Artist Interview: “ Just Don’t Know What To Do With It” by Skybridge (Feat. Utako Toyama & Brionne Aigné)

Q:  I love the concept of SkyBridge which is a global project band, how did you initially get started?

SKYBRIDGE: Thank you. I founded SkyBridge while I studying at Berklee College of Music, where like a musicians version of the United Nation. Making friends from all over the world through music made me realize that music has the power to connect people beyond borders and I believe that can happen to anyone, whether they are musicians or not.

Q: “Just Don’t Know What To Do With It” is written for environmental cause and received a finalist award at John Lennon Songwriting Contest in the Jazz category, what was the feeling when you received such an honorable award?

SKYBRIDGE: I received another finalist award with SkyBridge’s first single, “No Rain No Rainbow” and this was the second time for me to receive that award and it made me the first and only Japanese composer who received multiple finalist awards at the contest. I love and respect John Lennon not just as an artist but also as an activist, and receiving an award at the contest means a lot to me. At the same time, I truly hope that this song won’t end up as just a nice song but also will be a part of the movement, because that’s the purpose of this song. I hope to collaborate with organizations or companies that focus on environmental causes so that my song can be an amplifier for their causes.

Q: Was there a pivotal moment in your life when you decided to follow your path as a musician?

SKYBRIDGE: Yes, I had several pivotal moments in my life. The one which changed the motivation and the purpose of doing music happened when I was 20-21 year old. At that time, I was in a depression. No one in my family wanted me to pursue a career in music and my grandmother – the only person who wasn’t against me doing music had passed away. I couldn’t find any reason to justify my passion for music and felt that I’m pretty selfish to continue.
It was a Christmas gig at a nursing home. The nursing home was decorated beautifully. We sang some gospel songs and after the 1st set, we spread into small groups and had Christmas cakes with old people. No one in my group smiled while we ate. I was expecting a friendly conversation and felt sad and even scared a bit. A nurse told me that they have damage to their brain and can’t smile..but they were actually really looking forward to this concert and they are the ones who decorated the room… At the second set, I sang a lead on ”Oh Happy Day” and looked at people who were in my group from the stage. They weren’t smiling, but they were clapping their hands with music. Chasing me on the stage with their eyes. ”They were actually smiling in their way!” I felt like I see everything differently. And somehow I felt like they gave me a place to be..like “if they can express themselves with their limitation, I also should have my way too, even though I’m not the most amazing musician in the world.” I was doing music just to express myself before but after that, music became a way to contribute, by expressing feelings.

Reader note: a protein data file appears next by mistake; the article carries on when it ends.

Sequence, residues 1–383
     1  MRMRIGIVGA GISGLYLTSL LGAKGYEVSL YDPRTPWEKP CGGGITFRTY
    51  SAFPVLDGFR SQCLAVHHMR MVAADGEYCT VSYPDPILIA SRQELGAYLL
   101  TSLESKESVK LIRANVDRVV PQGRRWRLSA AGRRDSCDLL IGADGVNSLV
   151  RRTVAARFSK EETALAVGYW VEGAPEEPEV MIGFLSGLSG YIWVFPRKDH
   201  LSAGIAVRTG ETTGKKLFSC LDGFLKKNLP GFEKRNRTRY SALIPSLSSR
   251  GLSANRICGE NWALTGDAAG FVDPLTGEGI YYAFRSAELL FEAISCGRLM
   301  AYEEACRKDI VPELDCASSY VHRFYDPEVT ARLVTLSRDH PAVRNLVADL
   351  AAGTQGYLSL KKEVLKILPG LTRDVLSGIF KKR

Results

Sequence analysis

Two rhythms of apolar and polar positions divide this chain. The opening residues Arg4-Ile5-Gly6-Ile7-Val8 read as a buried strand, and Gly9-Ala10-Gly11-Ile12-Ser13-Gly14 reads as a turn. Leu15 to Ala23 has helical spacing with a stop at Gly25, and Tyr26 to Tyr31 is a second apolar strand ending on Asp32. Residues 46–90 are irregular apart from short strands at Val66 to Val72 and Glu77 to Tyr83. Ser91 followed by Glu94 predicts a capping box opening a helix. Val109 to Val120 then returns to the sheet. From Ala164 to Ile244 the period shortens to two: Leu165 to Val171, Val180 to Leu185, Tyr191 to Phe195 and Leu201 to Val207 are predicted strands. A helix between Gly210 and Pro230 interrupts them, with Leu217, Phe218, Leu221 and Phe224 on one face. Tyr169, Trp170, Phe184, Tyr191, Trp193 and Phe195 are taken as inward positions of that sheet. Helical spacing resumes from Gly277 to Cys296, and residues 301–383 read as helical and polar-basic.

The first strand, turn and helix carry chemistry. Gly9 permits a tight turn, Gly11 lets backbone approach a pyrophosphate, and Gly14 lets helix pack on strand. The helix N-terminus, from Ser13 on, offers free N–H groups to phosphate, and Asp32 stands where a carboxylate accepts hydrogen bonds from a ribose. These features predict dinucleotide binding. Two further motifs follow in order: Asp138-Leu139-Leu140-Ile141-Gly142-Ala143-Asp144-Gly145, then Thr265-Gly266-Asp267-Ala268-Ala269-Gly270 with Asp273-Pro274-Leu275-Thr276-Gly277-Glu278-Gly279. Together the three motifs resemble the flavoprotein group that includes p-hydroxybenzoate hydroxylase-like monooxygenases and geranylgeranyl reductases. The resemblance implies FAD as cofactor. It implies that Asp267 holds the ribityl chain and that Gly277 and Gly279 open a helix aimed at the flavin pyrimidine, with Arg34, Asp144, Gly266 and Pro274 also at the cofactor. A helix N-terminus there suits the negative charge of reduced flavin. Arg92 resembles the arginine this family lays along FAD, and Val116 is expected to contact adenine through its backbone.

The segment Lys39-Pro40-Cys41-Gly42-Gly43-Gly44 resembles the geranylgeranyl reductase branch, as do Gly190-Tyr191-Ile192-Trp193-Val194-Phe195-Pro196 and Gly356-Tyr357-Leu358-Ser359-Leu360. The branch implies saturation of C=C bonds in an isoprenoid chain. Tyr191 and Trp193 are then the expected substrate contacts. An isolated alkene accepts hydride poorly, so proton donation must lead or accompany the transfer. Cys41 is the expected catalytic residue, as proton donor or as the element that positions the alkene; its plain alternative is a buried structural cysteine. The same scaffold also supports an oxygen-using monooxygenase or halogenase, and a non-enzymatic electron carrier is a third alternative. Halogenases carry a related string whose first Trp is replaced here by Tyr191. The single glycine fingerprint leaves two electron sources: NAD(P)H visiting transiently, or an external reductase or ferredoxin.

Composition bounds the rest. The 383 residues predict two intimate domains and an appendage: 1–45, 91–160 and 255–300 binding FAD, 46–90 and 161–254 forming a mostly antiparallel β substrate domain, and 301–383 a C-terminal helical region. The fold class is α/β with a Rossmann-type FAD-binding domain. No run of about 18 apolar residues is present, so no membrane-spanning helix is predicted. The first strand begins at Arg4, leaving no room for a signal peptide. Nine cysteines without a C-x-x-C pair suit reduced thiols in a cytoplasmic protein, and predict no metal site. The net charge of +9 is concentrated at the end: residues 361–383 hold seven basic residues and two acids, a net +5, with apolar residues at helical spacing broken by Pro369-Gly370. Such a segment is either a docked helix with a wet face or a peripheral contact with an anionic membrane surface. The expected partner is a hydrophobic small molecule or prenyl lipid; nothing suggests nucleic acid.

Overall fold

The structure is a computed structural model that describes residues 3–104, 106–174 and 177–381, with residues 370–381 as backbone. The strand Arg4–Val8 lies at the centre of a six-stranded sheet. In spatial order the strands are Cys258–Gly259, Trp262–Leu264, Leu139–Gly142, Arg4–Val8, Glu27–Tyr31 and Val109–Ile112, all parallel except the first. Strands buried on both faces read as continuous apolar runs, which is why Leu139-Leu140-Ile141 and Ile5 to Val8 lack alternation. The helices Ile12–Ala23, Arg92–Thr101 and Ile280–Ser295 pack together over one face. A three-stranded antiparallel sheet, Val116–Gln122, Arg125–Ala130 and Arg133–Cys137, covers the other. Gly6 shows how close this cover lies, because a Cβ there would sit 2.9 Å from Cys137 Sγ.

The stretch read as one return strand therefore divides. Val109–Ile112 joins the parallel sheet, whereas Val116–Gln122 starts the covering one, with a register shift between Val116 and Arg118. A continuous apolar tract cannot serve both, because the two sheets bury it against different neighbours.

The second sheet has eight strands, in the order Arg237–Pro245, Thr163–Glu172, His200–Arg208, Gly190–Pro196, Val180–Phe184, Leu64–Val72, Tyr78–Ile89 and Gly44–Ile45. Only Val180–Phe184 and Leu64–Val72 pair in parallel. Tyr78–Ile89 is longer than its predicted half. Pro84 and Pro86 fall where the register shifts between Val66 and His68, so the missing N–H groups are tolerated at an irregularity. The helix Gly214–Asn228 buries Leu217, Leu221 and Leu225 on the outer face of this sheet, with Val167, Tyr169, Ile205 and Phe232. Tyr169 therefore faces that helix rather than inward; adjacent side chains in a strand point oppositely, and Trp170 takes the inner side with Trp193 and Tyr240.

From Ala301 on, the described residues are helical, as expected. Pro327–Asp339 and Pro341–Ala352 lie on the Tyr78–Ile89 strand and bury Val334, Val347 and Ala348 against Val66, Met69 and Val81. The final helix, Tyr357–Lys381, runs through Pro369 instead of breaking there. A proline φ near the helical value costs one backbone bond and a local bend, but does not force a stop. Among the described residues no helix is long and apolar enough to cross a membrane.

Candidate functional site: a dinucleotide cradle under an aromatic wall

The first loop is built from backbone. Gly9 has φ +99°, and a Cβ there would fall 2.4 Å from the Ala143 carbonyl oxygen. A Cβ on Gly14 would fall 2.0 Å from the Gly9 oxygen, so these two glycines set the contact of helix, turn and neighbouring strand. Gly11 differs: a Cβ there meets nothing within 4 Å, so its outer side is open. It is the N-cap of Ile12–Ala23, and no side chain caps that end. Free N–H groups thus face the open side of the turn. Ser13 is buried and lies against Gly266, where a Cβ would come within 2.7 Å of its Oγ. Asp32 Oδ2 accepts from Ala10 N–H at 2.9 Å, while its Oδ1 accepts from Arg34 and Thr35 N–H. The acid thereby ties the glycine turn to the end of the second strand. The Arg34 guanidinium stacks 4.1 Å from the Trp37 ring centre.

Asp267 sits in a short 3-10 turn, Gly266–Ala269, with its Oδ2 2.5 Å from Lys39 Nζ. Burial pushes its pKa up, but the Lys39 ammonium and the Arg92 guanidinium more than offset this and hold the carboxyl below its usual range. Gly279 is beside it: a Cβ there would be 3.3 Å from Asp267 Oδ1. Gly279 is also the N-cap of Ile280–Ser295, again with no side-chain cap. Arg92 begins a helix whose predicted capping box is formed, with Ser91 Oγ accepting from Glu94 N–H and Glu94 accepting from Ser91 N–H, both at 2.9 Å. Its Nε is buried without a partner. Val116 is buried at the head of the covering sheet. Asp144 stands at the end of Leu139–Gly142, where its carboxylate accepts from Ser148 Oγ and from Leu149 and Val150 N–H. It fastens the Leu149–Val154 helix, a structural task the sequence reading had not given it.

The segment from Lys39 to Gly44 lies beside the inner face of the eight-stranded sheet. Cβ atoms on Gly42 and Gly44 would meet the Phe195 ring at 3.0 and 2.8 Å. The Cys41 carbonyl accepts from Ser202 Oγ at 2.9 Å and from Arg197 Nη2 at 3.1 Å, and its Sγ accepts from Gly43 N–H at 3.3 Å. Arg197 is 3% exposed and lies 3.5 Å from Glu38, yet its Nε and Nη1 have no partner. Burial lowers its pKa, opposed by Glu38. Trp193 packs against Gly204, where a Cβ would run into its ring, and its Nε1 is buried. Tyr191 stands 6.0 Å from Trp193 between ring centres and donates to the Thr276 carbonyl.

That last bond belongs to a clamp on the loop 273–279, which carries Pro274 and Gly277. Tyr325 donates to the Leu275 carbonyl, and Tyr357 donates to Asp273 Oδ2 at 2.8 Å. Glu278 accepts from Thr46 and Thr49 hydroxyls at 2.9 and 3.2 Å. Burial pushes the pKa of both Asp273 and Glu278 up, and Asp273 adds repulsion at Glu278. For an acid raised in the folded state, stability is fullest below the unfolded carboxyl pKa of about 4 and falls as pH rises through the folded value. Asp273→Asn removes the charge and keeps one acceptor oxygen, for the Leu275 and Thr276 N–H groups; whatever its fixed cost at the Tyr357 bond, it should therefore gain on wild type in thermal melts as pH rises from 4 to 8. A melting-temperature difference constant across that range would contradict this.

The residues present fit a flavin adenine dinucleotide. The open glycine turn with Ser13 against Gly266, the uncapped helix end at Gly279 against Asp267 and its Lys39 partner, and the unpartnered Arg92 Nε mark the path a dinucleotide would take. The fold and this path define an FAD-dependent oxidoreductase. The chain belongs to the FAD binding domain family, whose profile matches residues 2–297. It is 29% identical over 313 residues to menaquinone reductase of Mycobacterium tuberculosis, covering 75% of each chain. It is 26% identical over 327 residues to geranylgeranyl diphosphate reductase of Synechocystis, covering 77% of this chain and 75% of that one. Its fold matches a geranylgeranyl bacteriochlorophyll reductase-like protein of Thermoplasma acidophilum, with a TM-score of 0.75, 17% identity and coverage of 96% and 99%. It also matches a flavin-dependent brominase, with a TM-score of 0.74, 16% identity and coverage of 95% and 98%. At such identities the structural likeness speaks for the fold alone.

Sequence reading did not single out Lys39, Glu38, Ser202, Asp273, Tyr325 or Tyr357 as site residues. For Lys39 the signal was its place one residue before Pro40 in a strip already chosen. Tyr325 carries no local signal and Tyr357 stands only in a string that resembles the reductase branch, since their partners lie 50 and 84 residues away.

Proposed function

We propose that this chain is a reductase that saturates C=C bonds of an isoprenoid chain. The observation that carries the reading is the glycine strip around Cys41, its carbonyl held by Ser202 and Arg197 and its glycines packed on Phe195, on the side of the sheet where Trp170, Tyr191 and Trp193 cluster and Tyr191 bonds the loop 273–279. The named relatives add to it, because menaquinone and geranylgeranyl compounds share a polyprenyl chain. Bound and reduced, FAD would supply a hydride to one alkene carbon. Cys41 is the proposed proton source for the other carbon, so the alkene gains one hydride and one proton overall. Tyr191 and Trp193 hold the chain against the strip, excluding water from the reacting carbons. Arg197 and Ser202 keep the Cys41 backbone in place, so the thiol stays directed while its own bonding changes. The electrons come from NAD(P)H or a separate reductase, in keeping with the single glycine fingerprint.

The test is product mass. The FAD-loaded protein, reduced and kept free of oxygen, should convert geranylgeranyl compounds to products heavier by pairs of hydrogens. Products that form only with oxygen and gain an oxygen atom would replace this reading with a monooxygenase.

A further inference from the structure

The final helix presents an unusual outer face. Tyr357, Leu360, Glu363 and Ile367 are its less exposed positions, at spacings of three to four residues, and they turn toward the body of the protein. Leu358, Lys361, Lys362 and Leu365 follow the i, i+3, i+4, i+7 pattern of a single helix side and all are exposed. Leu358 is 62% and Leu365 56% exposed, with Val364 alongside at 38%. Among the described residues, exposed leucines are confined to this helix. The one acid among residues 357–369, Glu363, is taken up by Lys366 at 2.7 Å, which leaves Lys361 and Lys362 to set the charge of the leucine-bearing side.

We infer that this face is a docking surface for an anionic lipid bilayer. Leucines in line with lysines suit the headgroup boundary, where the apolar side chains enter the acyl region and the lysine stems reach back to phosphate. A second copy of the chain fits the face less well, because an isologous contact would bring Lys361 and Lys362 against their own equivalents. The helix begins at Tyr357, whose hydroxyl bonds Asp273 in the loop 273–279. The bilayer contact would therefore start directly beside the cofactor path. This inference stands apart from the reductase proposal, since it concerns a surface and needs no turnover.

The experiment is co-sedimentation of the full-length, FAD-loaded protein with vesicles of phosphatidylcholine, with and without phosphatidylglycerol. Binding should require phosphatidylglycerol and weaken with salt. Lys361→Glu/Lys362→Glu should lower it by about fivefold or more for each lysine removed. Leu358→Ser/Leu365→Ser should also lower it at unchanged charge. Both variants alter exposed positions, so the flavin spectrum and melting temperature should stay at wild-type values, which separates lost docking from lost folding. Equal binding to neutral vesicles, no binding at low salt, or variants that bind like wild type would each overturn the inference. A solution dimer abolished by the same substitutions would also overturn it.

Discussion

Q: I like the Jazz fusion towards the middle, what did you enjoy most about making this?

SKYBRIDGEThank you! I’m happy that you liked it!
The song starts as mono-tonal music, like a piece of tribal music and then it changes to Jazz fusion after the second verse – which represents industrialization.
Changing the genre in the middle of the song, as well as the language was really fun to me. The message and the melody of the song are also more or less the same, but just by changing the feel, chords and instrumentation, the personality of the song completely changes, it’s like trying different clothes to Barbie dolls.

Q:  In your own words, how would you describe the music that you typically create?

SKYBRIDGE: As a SkyBridge, I create music for social action and for a social cause. I wish there was a genre called “Social Action”, “Social Change” or “Social Awareness” in music.
As a style of music, I write R&B, Jazz, Soul, Pop, Rock, Funk…and also uses 6/8 afro feel here and there. SkyBridge music is often performed with choir, like gospel music – so it’s not easy to describe as a style of the sound.
I don’t define music as style but more as purpose. For example, Gospel music has so many styles within Gospel music, because that genre is purpose-based. I wish there is more music genre defined by the purpose.

Q: What has been one of the highlights of your music career so far?

SKYBRIDGE: One of the unforgettable highlights is when I was invited to perform my original song with high school students in Boston.
When I met them on the day of the concert, they knew my song before we met. They have been practicing my song and they were like “You are the one who wrote the song! I love the song!” It was the first time for me to experience such a moment and even though it was the first time meeting, I felt a strong connection with them, as if we speak a hidden common language or something. I love when people perform songs that I composed and it will always be my favorite moments as a musician.

Interviewed by Jaye Maverick




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